Dane Evans will be behind centre for the Ticats, and he didn’t get his first start until Week 7 of the regular season when 2018 CFL East Division Most Outstanding Player nominee Jeremiah Masoli went down.

After Mitchell and Reilly both signed massive contracts in the off-season, this was supposed to be the year of the superstar QB. Instead, it became the year in which we learned just how important a good backup can be.

Given how successful Evans, Collaros and Cody Fajardo in Saskatchewan have been this season, there have been inevitable about whether teams might be better off spending less money on their quarterbacks than the Stamps did with Mitchell and the Eskimos with Reilly. That extra cap flexibility certainly doesn’t hurt, right?

We won’t really have an answer to that question until Reilly’s and Mitchell’s big contracts are up and we know how much they won. Let’s not forget Mitchell has led his Stampeders to four of the previous five Grey Cup games, winning twice, while Reilly starred in the Eskimos’ Cup run in 2015. A betting man would put his money on seeing them in future Grey Cups.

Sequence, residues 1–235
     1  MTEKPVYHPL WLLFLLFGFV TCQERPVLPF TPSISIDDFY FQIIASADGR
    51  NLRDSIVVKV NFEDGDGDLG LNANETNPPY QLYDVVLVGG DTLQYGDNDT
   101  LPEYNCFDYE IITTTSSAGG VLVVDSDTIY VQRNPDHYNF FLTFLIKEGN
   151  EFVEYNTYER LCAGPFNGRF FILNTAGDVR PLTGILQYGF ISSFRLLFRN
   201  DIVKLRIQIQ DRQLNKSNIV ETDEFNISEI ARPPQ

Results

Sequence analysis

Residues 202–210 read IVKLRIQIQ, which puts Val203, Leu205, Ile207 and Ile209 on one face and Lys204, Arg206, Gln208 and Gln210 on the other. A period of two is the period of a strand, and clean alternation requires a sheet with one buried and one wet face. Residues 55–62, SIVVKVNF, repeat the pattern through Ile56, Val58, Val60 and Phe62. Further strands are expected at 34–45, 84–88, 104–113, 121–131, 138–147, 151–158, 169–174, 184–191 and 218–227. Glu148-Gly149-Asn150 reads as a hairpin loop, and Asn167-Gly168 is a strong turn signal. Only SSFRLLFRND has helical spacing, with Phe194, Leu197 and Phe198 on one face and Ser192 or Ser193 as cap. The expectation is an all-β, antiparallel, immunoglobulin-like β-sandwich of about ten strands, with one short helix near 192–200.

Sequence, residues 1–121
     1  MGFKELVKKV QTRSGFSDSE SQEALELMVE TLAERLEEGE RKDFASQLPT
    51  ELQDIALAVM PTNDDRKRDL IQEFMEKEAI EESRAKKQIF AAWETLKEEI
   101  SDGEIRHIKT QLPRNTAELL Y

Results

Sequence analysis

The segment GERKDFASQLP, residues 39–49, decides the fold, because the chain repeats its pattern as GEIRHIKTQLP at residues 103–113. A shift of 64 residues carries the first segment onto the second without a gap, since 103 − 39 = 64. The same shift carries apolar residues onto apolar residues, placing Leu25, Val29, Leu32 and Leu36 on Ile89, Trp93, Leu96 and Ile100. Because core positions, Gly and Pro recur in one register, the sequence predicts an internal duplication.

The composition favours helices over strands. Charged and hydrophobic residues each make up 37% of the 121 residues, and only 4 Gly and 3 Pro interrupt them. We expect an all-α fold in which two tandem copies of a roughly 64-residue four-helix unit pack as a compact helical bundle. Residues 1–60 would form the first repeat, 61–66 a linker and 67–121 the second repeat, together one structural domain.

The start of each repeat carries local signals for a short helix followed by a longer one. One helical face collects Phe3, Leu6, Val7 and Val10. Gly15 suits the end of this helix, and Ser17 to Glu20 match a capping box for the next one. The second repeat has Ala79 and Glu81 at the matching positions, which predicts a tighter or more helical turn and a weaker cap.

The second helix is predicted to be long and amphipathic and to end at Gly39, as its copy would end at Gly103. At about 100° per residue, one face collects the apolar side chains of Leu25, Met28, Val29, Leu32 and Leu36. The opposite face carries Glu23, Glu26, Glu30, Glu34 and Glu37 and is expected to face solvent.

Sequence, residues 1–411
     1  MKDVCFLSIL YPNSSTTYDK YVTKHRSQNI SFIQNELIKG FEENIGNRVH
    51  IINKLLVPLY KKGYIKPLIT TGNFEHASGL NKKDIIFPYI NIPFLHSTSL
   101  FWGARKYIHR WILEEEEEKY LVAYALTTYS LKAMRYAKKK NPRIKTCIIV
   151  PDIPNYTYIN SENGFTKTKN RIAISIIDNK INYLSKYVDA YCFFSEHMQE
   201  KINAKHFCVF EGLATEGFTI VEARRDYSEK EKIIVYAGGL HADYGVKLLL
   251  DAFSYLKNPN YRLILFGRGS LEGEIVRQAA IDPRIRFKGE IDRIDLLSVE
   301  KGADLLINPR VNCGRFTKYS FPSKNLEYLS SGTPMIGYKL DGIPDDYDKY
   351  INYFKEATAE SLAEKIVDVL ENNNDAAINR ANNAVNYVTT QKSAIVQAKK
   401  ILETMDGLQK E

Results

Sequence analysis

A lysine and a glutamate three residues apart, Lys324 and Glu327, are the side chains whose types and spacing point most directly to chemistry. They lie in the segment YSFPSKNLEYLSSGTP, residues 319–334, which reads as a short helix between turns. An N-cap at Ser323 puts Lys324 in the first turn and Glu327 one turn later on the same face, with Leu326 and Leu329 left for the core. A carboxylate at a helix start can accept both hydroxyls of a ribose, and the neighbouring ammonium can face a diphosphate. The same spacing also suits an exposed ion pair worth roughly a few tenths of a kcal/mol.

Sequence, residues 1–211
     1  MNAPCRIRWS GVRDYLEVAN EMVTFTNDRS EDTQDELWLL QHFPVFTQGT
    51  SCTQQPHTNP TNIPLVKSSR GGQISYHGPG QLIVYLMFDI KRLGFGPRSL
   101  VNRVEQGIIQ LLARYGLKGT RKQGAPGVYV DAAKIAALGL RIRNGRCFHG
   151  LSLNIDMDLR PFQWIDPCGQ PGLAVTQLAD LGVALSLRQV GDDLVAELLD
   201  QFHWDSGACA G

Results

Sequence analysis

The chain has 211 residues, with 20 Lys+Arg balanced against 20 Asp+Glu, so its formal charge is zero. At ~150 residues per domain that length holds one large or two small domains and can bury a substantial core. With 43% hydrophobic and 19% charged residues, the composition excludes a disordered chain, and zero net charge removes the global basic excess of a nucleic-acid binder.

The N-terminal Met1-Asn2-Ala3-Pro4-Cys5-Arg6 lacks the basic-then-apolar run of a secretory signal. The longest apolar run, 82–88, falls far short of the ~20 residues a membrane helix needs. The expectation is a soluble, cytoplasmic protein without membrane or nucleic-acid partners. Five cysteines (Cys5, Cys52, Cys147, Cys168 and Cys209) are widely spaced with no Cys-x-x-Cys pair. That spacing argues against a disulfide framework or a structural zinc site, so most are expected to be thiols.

But if 2019 proved anything, it’s that teams can win without a brand-name superstar at quarterback — or maybe that the next generation of stars has arrived.

  1. SPECIAL TEAMS MATTER

No team had more kick-return touchdowns (five), or kick returns of more than 30 yards (19), this season than the Ticats. The Bombers were right behind them, though, and had the second-most in both categories — they also allowed their opponents fewer punt-return yards, on average, than any CFL squad.

Both teams literally won games against the Calgary Stampeders because of the points they put on the board on kick returns, too. Maybe there was a little more to it than that, but the points the Bombers’ returners put on the board were the difference between winning and losing against the reigning Grey Cup champions.

Jenarion Grant almost single-handedly beat the Stamps twice because of long returns, while Frankie Williams and Brandon Banks each scored special-teams touchdowns against Calgary in a July game the Ticats won by seven points.

We don’t talk nearly as much about special teams as we do about offence and defence, but there’s a reason why coaches always talk about winning in all three phases of the game.

The Ticats and Bombers had the most explosive special-teams units in the league, and their success this season proved how important that can be.

  1. GET THE BALL BACK

The Bombers and Ticats were both middle-of-the-pack in terms of the offensive yards they allowed.

But make a mistake, and both defences pounced.